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I've got a rather strange question here. I need to find the length of an open tube (silver flute), but I have only been given the frequency of the note that it is playing and the outside temperate (as well as the thermal expansion coefficient for silver).

The only equations I know for frequency are $v = \lambda f$, $f = 1/T$, and $f = \omega/2\pi$. I'm not exactly sure, which equation to use.

I don't think the current temperature will help get this answer, but it looks like I will need it for a later question which gives a new temperature and asks for the new frequency. (I can handle this part with a simple Linear thermal expansion equation).

If anyone can point me in the right direction that would be fantastic, thanks.

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closed as off-topic by John Rennie, Kyle Kanos, user36790, Gert, Sebastian Riese Dec 16 '15 at 16:53

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    $\begingroup$ The speed of sound changes with the temperature. Perhaps the question expects you to take this into account. $\endgroup$ – John Rennie Dec 16 '15 at 10:40
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Since this is homework-and-excercises question, I will not provide full answer, just give hints.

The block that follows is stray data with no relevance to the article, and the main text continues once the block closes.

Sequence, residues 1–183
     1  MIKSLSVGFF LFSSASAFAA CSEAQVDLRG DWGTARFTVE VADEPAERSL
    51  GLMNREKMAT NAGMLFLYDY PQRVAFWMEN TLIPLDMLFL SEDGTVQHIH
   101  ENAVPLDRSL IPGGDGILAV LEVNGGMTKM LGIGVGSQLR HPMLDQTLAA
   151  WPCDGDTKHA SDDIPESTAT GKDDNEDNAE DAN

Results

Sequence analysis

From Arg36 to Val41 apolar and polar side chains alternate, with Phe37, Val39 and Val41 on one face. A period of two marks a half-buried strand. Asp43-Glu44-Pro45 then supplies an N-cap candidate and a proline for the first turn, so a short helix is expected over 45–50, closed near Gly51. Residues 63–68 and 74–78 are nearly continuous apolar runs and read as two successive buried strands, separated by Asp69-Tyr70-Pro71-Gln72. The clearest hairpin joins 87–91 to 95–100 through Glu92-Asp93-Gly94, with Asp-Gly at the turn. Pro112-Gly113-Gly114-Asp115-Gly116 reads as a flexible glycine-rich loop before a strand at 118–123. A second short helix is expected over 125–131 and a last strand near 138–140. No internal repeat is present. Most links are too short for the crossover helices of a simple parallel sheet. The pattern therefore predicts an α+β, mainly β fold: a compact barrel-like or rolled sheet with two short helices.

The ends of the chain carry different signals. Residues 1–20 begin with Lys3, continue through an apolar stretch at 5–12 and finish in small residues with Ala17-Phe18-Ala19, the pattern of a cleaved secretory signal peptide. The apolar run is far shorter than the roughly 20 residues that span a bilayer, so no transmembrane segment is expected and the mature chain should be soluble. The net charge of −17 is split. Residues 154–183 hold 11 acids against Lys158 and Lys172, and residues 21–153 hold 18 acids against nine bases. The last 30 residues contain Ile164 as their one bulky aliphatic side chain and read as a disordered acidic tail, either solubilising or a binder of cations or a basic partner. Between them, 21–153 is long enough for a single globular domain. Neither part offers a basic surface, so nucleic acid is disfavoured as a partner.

Your equations are correct, but they are not enough if you don't know how to treat the $\lambda$. Standing wave in the tube of the length $L$, opened at both ends has a wavelength of $2L$ (the fundamental mode only). Now you have the missing piece. Why is that so? Cause of the boundary conditions: there is always a node of the acoustic pressure at the open end of a tube. And the distance between the nodes is...

Why the temperature? Cause when you tranfer between the wavelength and the frequency, you will meet the speed of sound which is temperature dependent. See this wikipedia article for more details.

Further discussion. This is only the case valid for basic approximation. It would require that impedance load (see the acoustic impedance for more details) at the end of the tube is perfect zero (which isn't). There are corrections of acoustic length of the tube (regrding the geometrical length). Especially in the case of flutee where the open ends are partially covered with player's lips or tone hole caps.

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I think I was able to find an answer to my own question. I didn't have the equation f = v/2L. Solving for L, L = v/2f. Using the speed of sound in air and the frequency given to me I could solve for the length.

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